Author Topic: A simple TIB locked bowline  (Read 22624 times)

Luca

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Re: A simple TIB locked bowline
« Reply #30 on: August 14, 2013, 11:30:54 PM »
If I had the chance to make a video of how to run this knot, instead of using KnotMaker, I can assure you it would be different from that by James, but this is only a matter of gestures and angles, because in the essence of the operation, I guarantee you that it is absolutely the same thing:for example,the method proposed by Dan Lehman may very well be a different alternative in that there is an exchange for the component to start the knot (I tried, but I do not feel very well (but these things are, such maybe also you hint, too, very individual and dictated by habit)). 

                                                                                                  Bye!
« Last Edit: August 14, 2013, 11:37:20 PM by Luca »

James Petersen

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Re: A simple TIB locked bowline
« Reply #31 on: August 15, 2013, 04:18:27 AM »
I was not trying to tie a new method. I was simply working from Luca's diagrams. Sorry, Xarax, but I didn't particularly like making a slipped overhand and then pulling the loop back part way. For my large hands it was a bit too fiddly. I find that I can tie Luca's method in hand and fairly quickly. I simply wanted the video to show this method in a way that was easier for me than the diagrams.

-- J:P

alanleeknots

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Re: A simple TIB locked bowline
« Reply #32 on: August 15, 2013, 07:12:06 AM »
Hi All,
        I have a few variation of this TIB locked bowlines here, hope you like it.
       Thanks    alan lee.

xarax

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Re: A simple TIB locked bowline
« Reply #33 on: August 15, 2013, 07:56:19 AM »
I didn't particularly like making a slipped overhand and then pulling the loop back part way.

This stage was meant to be an easy memorisable, not easy tied. Everybody knows and can remember how to tie a slipped overhand knot.
Do not forget that I work with climbing 10mm+ ropes, not with smaller material, where to pinch a bight of the overhand and pull it away would require some dexterity, indeed.

   I believe that you and Luca still have not realized what you really do, because you do it by tyng the same things, with a different order...You make a first bight, right ? This is the first bight of the 3-bights method. See your fourth picture. There you have two bights, the one half-reeved through the other - and both of them been twisted 180 degrees around their axis. So, this is the first and the second bight of the 3-bights method, only that I form the bights separately, in different parts of the line, and only then I "wear" the one through the other half way - you make the same thing, but you form the second bight around the neck of the first in its final place, you do not form them at different places of the line, and then wear the first through the second. I believe that "my" method, which is Ashley s method, of course, is simpler conceptually, easier to memorize, and more general, since with the same METHOD. just by altering details, you can tie many knots ! At the final step, Ashley s method and your method are identical, because you reave the third bight through the opening of the half-reeved one( fifth picture ). You may not see your third bight, but its material is there, where it has been from the star : in between the first and the second bight. It is the "bridge" between the first and the second bight.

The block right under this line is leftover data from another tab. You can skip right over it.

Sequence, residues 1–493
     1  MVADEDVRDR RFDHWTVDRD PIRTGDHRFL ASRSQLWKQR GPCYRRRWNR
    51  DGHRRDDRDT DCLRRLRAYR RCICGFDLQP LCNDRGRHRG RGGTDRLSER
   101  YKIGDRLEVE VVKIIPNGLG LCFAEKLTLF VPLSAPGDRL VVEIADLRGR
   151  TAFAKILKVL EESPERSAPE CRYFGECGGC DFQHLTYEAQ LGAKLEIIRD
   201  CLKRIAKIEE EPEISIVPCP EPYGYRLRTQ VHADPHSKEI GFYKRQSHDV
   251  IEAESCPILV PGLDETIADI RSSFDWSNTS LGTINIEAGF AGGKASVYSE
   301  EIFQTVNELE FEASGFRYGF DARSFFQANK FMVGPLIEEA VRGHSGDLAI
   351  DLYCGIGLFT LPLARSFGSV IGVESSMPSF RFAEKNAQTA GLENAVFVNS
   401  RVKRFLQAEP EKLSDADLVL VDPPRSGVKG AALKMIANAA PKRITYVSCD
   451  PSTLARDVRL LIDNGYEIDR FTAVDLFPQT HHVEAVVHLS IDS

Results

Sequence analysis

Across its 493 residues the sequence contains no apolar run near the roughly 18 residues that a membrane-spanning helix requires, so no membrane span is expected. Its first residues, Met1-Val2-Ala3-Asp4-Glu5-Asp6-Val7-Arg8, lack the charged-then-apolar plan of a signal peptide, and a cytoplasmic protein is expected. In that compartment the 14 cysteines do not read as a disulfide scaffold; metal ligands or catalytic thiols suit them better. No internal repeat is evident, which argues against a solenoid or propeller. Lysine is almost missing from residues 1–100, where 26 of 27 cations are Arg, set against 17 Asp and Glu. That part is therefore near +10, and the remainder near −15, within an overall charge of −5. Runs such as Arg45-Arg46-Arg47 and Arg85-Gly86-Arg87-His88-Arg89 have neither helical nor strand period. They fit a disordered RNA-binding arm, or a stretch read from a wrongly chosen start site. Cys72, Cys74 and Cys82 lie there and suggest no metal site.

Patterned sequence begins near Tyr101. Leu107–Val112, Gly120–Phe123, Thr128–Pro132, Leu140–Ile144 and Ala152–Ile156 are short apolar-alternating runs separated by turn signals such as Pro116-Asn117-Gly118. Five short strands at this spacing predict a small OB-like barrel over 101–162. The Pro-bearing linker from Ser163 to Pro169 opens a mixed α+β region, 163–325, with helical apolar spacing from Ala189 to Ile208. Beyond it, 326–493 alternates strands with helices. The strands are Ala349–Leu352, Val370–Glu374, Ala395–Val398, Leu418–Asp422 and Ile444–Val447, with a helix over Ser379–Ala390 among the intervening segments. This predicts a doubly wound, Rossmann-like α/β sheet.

If you do the same thing, but, for the third bight you use material of the line beyond the first two, you can tie mid-line eye-knots suitable for directional pull, like what we need in Trucker s hitch. See :
 http://igkt.net/sm/index.php?topic=1870.msg21210#msg21210
 http://igkt.net/sm/index.php?topic=1870.msg21216#msg21216

 I do not have a good memory, and I hate to be forced to memorize things that are not connected to each other with some logically coherent order. So, I prefer methods that are quite general, and where I can see some inner logic, some rationale. That is why I prefer the 3-bights method, in its "pure" form I described at the thread about the pet loops. The second, more special method I describe here, at Reply#11, was just an attempt to find something quicker, that would be as "simple" as the particular very simple knot itself.

   JP, please, do what I had suggested to kd8eech :Tie all the knots the 3-bight method can generate, first with the bights as they are, without been twisted 180 degrees around their necks, and then by twisted bights, in every combination : one of them twisted clock-wise or counter-clockwise, two of them, both twisted at every possible combination of clock-wise and counter-clockwise turns, and, finally three of them, also twisted in every possible of the two twists each. If you tie all those eye-knots that you can tie this way, you will appreciate the 3-bights method, in particular, and a METHOD, that is, a general scheme of things, in general.
This is not a knot.

Dan_Lehman

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Re: A simple TIB locked bowline
« Reply #34 on: August 15, 2013, 06:47:26 PM »
Hmmm, after JP's further presentation of Luca's tying method,
  [Sometimes it takes more than one whack to the noggin